The Other Charlotte has already written brilliantly (“Honk If You Really Care Who ‘Deep Throat’ Was”) on the anticlimax of learning the identity of Deep Throat, the most famous confidential source in history.
Like TOC, I was initially disappointed with Mark Felt, the little old man whose family outed him as Deep because they felt there might be some $$$ in it.
But now I’m learning to love Deep Throat. Here’s why:
As the American Spectator notes in a piece headlined “Shattered Myth,” the emergence of Felt, a man with flawed motives, deals a blow to the image of the fearless reporter working with a fearless source to save the republic:
“Deep Throat, in the classic telling, is in a position to know of profound corruption that shocks his conscience. If he speaks up, he will face terrible retaliation from the nefarious forces above him. But he cannot remain silent, and his heroism is matched only by the investigative reporters who follow up on the leads he gives them, get the story out, and take down a cartoon-villain of a President, all while protecting their source’s identity. In this version, Bob Woodward and Carl Bernstein, and by extension the generation of journalists influenced by them, are fighting the good fight for the people’s right to know against powerful forces determined to keep terrible secrets. That is why, goes the narrative, the cover-up is worse than the crime.”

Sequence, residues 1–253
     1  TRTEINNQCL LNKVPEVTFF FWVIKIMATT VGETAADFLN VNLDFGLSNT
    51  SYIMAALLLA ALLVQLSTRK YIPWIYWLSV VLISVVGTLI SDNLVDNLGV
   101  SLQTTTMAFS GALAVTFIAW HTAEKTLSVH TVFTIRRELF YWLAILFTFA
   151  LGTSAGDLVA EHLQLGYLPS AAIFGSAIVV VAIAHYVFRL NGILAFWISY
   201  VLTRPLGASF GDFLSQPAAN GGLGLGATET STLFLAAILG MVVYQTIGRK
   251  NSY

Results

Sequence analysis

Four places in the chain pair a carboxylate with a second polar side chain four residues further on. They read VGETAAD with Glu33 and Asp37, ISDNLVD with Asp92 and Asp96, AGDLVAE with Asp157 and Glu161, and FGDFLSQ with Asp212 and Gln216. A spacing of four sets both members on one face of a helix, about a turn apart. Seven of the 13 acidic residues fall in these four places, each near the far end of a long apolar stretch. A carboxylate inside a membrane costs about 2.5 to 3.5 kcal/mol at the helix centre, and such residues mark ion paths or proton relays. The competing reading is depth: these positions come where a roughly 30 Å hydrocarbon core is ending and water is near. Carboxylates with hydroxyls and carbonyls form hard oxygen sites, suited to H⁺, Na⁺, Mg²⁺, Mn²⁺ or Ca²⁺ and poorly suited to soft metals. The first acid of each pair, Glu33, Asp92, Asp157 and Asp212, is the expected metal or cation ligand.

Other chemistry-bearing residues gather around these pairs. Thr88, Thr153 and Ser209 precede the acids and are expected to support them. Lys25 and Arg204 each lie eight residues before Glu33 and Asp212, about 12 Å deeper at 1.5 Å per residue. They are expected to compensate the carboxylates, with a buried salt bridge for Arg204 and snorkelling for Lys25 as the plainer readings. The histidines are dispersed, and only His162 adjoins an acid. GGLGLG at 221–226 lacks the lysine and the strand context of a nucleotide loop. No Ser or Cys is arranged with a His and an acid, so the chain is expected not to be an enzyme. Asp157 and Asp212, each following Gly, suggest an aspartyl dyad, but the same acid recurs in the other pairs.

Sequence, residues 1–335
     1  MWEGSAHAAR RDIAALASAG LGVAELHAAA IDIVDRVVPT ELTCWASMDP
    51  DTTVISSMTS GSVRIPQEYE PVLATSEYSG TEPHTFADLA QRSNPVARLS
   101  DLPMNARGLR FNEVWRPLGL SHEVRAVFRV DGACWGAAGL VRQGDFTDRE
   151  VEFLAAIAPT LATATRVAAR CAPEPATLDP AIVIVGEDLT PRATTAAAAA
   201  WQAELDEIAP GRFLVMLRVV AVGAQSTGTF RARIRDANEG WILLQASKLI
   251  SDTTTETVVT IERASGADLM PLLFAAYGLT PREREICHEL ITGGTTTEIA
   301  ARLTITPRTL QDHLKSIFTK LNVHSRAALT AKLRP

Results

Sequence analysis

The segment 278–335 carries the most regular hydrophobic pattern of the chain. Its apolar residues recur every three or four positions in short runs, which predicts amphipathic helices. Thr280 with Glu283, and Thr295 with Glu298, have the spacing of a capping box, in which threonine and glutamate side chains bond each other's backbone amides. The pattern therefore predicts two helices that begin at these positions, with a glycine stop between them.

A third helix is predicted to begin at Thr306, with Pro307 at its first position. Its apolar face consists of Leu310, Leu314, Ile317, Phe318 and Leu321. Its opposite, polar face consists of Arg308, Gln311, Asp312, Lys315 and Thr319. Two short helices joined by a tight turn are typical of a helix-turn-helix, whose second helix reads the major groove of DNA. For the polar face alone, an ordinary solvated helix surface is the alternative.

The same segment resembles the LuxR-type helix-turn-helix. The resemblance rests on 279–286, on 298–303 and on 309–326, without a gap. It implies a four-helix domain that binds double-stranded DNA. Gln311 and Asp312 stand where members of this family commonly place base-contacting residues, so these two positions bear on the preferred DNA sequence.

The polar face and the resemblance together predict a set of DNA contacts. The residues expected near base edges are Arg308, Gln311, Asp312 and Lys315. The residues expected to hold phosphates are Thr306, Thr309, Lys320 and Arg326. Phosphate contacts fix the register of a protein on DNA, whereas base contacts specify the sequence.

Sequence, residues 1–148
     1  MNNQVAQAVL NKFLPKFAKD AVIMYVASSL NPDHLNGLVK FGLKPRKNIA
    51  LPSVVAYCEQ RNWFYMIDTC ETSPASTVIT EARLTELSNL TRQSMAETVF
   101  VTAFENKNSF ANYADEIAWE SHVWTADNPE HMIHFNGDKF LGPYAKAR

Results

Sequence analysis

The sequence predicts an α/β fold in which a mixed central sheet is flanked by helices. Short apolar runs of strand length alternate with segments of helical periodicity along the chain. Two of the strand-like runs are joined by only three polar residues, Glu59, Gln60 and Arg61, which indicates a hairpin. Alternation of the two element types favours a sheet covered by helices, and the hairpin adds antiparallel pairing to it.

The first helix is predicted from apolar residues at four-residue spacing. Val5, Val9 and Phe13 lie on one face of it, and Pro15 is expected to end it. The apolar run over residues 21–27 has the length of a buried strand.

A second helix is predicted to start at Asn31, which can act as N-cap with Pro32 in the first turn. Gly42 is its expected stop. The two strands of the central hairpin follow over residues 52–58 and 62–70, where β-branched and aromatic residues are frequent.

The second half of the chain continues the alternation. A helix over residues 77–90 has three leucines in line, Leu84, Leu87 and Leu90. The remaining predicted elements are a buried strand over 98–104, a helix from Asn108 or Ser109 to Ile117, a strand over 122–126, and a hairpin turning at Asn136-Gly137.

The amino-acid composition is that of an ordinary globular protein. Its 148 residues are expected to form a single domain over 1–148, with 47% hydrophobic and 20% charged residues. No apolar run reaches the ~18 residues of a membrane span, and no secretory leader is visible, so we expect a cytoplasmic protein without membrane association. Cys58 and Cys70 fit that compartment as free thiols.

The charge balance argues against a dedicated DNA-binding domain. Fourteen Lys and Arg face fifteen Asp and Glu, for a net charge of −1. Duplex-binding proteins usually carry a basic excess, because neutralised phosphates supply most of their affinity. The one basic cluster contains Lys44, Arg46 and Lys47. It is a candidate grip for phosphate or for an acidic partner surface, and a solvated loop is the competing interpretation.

The unmasking of Deep Throat–and unmasking is right: his family revealed the secret–changes the narrative.
It’s also fun to watch the press in full-throated praise of itself for something that happened 30 years ago. Here’s the most hilarious instance, in a David Broder column about those who dare to say Throat wasn’t a hero:
“Felt did what whistle-blowers need to do. He took his information to reporters who diligently dug up the evidence to support his well-founded suspicions.
“The republic was saved and the public well served. That [Chuck] Colson and [Pat] Buchanan still don’t get it speaks volumes about them.”
Get a grip, Dave.
If you subscribe to the Weekly Standard, the Parody this week captures the media’s self-congratulation.